Monday, August 15, 2011

"Lose the Label" August 14, 2011; Pentecost 9 Year A

Romans 11:1-2a, 29-32
I ask, then, has God rejected God’s people? By no means! I myself am an Israelite, a descendant of Abraham, a member of the tribe of Benjamin.  God has not rejected God’s people whom God foreknew, for the gifts and the calling of God are irrevocable.  Just as you were once disobedient to God but have now received mercy because of their disobedience, so they have now been disobedient in order that, by the mercy shown to you, they too may now receive mercy.  For God has imprisoned all in disobedience so that God may be merciful to all.

Matt 15: 21-28
Jesus left that place and went away to the district of Tyre and Sidon. Just then a Canaanite woman from that region came out and started shouting, “Have mercy on me, Teacher, Descendent of David; my daughter is tormented by a demon.” But Jesus did not answer her at all. And his disciples came and urged him, saying, “Send her away, for she keeps shouting after us.” Jesus answered, “I was sent only to the lost sheep of the house of Israel.” But she came and knelt before him, saying, “Rabbi, help me.” He answered, “It is not fair to take the children’s food and throw it to the dogs.” She said, “Yes, Rabbi, yet even the dogs eat the crumbs that fall from their masters’ table.” Then Jesus answered her, “Woman, great is your faith! Let it be done for you as you wish.” And her daughter was healed instantly.
Will you pray with me? You who know each of us by name, open our hearts to speak and hear your word for our lives and for the lives of those around us. Bless us with wisdom, understanding and compassion as we seek to serve others and bring your realm to this earth. In your many names, amen.

Facebook is a many-faceted thing. I find it can be a great way to keep up, at least somewhat, with friends and family, to share photos, to spread information, to keep people up to date on the church—and it can also be a terrible temptation to procrastination! But it also can be lifter of spirits, an energizer, when a friend I don’t get to talk to much usually sends an expected message or posts just the quote I needed to hear.

Yesterday I was trying to finalize this sermon—I knew what I wanted to say, what I needed to say—and then my friend posted a video that reminded me of one of my favourite musicians of all time.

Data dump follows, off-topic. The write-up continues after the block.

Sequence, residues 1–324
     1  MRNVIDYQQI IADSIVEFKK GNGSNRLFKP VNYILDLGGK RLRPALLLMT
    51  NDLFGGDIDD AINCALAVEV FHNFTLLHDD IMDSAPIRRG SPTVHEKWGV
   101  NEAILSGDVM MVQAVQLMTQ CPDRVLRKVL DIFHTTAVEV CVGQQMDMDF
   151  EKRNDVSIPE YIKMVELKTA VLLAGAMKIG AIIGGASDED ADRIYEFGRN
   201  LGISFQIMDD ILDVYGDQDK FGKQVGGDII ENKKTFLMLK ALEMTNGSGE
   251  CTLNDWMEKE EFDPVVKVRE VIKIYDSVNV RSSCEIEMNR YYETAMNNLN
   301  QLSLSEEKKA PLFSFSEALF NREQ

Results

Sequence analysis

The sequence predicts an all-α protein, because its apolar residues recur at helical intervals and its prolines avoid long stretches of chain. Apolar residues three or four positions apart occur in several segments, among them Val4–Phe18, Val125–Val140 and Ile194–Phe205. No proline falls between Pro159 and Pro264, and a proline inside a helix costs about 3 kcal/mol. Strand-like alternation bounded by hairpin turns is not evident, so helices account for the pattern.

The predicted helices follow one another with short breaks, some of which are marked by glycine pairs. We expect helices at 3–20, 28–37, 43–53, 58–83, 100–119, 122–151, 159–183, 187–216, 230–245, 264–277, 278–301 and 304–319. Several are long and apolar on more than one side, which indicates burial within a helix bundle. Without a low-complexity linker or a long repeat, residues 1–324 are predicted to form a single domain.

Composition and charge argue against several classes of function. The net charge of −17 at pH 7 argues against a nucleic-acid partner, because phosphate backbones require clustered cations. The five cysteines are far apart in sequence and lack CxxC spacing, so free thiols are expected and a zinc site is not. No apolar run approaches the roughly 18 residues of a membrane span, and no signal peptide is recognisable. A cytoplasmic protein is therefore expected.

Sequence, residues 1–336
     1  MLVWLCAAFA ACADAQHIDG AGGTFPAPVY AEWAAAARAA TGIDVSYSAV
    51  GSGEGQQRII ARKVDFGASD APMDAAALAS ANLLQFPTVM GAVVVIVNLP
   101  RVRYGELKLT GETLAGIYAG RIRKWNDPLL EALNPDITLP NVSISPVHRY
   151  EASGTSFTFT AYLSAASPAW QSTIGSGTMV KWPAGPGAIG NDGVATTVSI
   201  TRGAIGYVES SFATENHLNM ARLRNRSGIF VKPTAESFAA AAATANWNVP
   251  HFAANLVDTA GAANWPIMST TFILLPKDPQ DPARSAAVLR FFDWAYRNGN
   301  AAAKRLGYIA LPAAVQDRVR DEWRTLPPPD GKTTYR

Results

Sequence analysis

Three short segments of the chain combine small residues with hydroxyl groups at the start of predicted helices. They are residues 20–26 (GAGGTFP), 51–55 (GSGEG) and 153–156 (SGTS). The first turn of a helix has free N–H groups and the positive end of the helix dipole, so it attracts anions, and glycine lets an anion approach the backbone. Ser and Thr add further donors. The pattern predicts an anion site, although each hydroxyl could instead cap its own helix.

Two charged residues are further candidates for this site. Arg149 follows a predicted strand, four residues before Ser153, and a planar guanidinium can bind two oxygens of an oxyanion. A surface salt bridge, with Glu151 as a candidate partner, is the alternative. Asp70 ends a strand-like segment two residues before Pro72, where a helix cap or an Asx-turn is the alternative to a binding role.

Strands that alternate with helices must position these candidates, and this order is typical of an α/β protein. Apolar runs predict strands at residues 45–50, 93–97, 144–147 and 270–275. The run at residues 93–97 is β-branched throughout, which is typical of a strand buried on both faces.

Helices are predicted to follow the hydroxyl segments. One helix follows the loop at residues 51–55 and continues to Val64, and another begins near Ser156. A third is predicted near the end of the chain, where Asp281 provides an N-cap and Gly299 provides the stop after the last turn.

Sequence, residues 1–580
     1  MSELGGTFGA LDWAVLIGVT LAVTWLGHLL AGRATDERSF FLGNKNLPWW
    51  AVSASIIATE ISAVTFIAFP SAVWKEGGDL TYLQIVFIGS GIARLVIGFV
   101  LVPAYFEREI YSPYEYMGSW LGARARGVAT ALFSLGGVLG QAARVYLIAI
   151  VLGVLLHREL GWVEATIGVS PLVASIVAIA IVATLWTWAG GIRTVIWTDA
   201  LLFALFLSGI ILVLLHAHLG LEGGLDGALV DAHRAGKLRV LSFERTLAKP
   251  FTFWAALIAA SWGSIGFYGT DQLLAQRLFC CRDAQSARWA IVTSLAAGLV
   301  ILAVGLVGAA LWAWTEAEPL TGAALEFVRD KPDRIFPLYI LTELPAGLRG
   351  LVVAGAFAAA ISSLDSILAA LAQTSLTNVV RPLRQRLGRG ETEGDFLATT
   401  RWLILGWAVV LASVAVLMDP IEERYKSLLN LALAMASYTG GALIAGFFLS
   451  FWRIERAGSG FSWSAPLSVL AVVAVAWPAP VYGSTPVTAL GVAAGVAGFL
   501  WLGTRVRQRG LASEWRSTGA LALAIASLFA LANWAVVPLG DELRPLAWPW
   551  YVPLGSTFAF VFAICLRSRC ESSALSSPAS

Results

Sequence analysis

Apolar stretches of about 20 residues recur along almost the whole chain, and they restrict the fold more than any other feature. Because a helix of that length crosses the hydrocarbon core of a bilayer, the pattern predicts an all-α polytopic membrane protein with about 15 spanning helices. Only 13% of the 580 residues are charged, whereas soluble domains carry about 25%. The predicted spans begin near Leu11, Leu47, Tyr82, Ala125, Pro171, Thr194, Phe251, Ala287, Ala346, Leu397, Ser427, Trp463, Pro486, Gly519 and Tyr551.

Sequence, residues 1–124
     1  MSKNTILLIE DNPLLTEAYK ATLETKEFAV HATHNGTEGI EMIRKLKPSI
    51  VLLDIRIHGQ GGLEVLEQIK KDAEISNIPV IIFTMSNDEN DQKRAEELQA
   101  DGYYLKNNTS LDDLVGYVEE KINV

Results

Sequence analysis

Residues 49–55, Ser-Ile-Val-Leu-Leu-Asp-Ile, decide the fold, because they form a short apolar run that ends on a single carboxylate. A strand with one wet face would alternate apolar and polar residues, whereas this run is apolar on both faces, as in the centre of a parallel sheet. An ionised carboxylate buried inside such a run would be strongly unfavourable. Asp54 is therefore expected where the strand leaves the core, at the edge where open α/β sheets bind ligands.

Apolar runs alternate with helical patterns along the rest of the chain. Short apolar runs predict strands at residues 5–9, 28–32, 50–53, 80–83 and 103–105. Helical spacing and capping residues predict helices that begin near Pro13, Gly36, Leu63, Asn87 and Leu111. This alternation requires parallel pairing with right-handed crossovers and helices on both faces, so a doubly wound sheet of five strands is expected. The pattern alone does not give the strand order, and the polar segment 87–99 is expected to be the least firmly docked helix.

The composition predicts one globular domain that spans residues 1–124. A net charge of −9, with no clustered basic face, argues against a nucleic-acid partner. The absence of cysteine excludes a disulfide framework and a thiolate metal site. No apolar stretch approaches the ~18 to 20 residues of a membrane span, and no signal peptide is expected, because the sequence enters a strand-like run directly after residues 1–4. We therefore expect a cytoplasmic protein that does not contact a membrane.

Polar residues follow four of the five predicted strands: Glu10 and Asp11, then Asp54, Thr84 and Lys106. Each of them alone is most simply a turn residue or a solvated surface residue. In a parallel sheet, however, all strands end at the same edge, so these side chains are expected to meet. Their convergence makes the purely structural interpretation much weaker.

His name is Israel Kamakawiwo‘ole, or Iz, as he is known—or was, because he died in 1997. I listened to some of his music, after that reminder, and as I listened, I realized how much his story has to say to us today.

Iz was born around the same time—within days—and in the same city, as President Obama—but their lives went in very different directions. Iz never went to college or university, and lived all his life in his beloved Hawai’ian  islands. He was morbidly obese from a fairly young age—and by morbidly, I mean more than 700 pounds at one point, 340 k on a 6’2” body. His chosen instrument was the ukulele—a native instrument generally used only for comedic effect outside of the Islands. He was a native, his mother was from the most undeveloped, most native island.

There’s nothing there to say he was anything special—that someone so obscure, with seemingly so little going for him could make any mark on the world, leave anything positive behind him.

There are all kinds of labels we could put on Iz; Hawai’ian, native, obscure, ignorant, unattractive, unhealthy, a joke.

And yet. His recordings of Over the Rainbow, What a Wonderful World and others of his songs have been used in movies, commercials, and have been on the top of all sorts of charts. When his ashes were scattered in the Pacific Ocean at Makua Beach, thousands were there, tossing leis and flowers from their outriggers, wading into the water to be closer to the canoe with his ashes, singing his songs, mourning his passing.

Iz’s music is timeless, haunting, moving. He sings about the simple things in life—love, hope, dreams. His life and example encouraged many young Hawai’ians who felt outcast or marginalised because of their native birth or because of Hawai’I’s isolation from the continental US. Iz’s music offered them a way to be proud of who they were, instead of ashamed, and the courage to work for a better life. One of his songs has become a political song; E Ala E.